Taiwan is wading back into the waters. On May 15, the Taiwanese government announced the expansion of wide-ranging sanctions against the Philippines. It is the latest development in a deepening rift that began with the fatal shooting of a Taiwanese fisherman by the Philippine coast guard on May 9. Though skirmishes in disputed waters have taken place before, the unusually strong response from Taipei is indicative of the country’s push to stay relevant in a neighbourhood where it is overshadowed by larger neighbours.
Old Claims, New Games
Taiwan’s foray into the complexities of Asian maritime politics is one with deep historical roots. The country has long had a number of overlapping land-claims with other countries in the region, including the Senkaku/Diaoyu islands (China and Japan), the Spratly Islands (China, Brunei, Vietnam, Malaysia, the Philippines), Scarborough Shoal (China and the Philippines), and the Paracel Islands (China, Vietnam).The majority of these disputes predate the Chinese civil war, resulting in nearly identical Chinese and Taiwanese claims. These leads to one side inevitably crossing the other in enforcing its claims, though some instances, namely the current rift between Taiwan and the Philippines, have seen China taking the side of their historical enemy. Cross-strait relations between China and Taiwan have warmed considerably under Taiwanese President Ma Ying-jeou’s administration, but they are still prone to tense flair-ups.
Escalating tensions between Taiwan and the Philippines serve as an example of Taipei’s push to exert greater maritime authority in the region. Though Philippine President Benigno Aquino has sent a representative to Taiwan to convey his apologies, Taipei has rebuffed this as “flippant” and unsatisfactory. Taiwan has enacted sanctions against the Philippines while demanding full compensation and the opening of fishing talks in disputed waters. This posturing is further bolstered by the Taiwanese military’s recent Han Kuang series of military exercises and naval exercises on May 16, sending Manila and other regional actors a stark reminder of the country’s formidable war-fighting assets.
The exercises, simulating a Chinese People’s Liberation Army (PLA) attack on the island of Penghu and involving nearly 8000 troops, are the most extensive of their kind since President Ma Ying-jeou’s presidency began in 2008.This row is a reminder not only of the many territorial fault-lines in the Asia-Pacific, but also encapsulates Taiwan’s drive for increased leverage in dealing with its neighbours.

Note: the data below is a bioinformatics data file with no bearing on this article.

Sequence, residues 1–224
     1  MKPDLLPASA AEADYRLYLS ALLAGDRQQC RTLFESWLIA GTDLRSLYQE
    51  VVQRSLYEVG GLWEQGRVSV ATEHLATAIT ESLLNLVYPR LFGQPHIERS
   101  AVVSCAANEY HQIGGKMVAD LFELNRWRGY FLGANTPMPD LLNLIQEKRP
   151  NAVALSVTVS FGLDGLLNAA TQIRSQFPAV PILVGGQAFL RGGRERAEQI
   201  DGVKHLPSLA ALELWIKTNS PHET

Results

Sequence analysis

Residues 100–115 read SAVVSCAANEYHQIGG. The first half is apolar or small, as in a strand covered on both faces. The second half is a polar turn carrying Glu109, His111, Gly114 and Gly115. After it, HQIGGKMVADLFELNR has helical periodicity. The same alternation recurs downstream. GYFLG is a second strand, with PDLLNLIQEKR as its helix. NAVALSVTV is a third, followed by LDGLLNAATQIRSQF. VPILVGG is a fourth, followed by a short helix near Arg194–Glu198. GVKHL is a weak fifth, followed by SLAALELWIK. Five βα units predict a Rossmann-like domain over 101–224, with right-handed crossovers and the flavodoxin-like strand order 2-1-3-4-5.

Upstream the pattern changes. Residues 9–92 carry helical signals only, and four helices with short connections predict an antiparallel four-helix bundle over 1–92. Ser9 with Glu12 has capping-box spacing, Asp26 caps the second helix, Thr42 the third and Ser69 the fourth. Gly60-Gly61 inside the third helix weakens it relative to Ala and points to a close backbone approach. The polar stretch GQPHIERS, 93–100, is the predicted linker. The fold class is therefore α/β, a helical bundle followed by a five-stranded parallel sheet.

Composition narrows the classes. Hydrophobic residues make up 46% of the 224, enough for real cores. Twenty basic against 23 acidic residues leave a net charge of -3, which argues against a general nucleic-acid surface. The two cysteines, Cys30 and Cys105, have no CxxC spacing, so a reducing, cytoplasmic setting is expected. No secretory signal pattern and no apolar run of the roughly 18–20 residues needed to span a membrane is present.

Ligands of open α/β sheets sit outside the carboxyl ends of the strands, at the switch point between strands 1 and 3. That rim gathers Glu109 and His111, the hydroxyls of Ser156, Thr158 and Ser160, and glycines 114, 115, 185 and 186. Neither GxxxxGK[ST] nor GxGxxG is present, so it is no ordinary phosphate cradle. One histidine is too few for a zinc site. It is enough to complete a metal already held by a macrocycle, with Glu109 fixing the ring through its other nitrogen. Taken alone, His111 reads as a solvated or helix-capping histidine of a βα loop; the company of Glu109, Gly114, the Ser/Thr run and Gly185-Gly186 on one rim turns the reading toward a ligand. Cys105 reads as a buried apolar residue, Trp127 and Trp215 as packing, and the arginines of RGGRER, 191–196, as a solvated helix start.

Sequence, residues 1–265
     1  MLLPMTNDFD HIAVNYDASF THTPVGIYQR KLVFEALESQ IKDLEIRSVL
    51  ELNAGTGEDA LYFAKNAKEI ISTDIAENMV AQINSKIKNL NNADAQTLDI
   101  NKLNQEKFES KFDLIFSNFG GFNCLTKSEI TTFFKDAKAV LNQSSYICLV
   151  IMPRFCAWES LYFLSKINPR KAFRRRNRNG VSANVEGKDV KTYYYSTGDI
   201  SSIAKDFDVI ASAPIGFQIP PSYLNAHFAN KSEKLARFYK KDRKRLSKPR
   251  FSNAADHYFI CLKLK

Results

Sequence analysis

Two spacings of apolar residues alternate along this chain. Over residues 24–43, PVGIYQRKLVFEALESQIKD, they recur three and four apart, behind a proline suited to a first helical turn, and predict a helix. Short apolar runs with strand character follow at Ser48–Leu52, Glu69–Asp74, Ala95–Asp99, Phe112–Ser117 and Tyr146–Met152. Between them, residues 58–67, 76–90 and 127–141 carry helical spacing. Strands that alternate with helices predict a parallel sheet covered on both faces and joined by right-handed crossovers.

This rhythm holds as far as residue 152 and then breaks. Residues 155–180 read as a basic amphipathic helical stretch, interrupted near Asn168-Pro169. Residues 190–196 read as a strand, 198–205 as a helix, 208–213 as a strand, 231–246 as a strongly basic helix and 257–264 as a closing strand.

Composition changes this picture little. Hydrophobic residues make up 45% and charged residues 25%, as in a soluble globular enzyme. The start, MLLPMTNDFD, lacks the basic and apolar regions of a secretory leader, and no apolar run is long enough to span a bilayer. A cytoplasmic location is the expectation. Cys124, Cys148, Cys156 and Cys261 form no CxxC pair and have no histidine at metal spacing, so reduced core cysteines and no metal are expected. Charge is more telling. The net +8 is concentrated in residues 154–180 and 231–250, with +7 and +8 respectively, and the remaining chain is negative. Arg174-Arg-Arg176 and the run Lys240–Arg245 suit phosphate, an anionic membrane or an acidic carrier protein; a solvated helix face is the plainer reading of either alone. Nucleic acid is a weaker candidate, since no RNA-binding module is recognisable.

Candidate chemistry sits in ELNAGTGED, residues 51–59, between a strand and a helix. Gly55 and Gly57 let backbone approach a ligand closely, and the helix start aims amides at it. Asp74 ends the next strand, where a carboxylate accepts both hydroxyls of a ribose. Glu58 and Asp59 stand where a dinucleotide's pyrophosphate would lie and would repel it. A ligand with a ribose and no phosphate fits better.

The renewed vigour with which Taiwan is pursuing dormant territorial claims complicates an already-complex geopolitical landscape, and is hardly restricted to the Philippines. Though most international attention on the Senkaku/Diaoyu island dispute has been focused on China and Japan, Taiwan very much remains a key player in what has historically been a three-way feud. Much to the chagrin of the People’s Republic of China (PRC), Taiwan and Japan are beginning to tow a similar line with the conclusion of a fishing agreement in April allowing Taiwanese fishermen to use most of the Japanese-controlled area around the islands. In addition to the material benefits accrued, this has had the added benefit for Japan of drawing Taiwan into its camp regarding ownership of the islands. This agreement underscores the complicating nature of greater Taiwanese involvement: balancing the pursuit of national interests with the close cross-strait relations for which President Ma has worked so hard.
The Taiwanese leadership is making a concerted effort to remind neighbours of their ability to project naval power into the South China Sea; however, this may prove to be overly ambitious. The sheer number of Taiwanese maritime claims – poorly-defined relics of a bygone era – is simply incongruent with existing capabilities. In the midst of transitioning from conscription to an all-volunteer force, the Taiwanese military has been plagued with a shortage of volunteers and a cash-strapped budget. The heroism once associated with military service in Taiwan has largely evaporated. It is estimated that a defense budget increase from 2.2% to 3% is required to achieve the transition from 235,000 service members to 176,000 by 2015. It is difficult to imagine that Beijing would be happy with this budget increase, and given President Ma’s commitment to maintaining close cross-strait relations, it is unlikely that this goal will be met. These factors all point to Taipei’s hopes of asserting greater control in the South and East China Seas as being little more than a pipedream.
The Taiwanese response is relatively logical: no Taiwanese leader wishes to be seen as weak, but with the Mainland not nearly the bogeyman it was in decades past, the country is seeking other avenues to showcase its strength. The death of a Taiwanese national in disputed waters has provided an ideal opportunity for this, all without directly provoking Beijing. However, President Ma’s sabre-rattling is doing no favours in a region already fraught with maritime tension, as the ramifications may be considerably more damaging to his country than anticipated. Given statements from PLA Generals indicating that China supports the Taiwanese response, policymakers in Taipei may find themselves setting an uncomfortable precedent of having the Mainland intervening on their behalf, much as a national government might for a local government. This will only reinforce Beijing’s longstanding claim that the island is little more than a renegade province. Taipei should step back from the brink, and work to dial down tension with Manila by accepting President Aquino’s apology and working to ensure that similar incidents do not occur again. They can ill afford to alienate their few remaining diplomatic partners.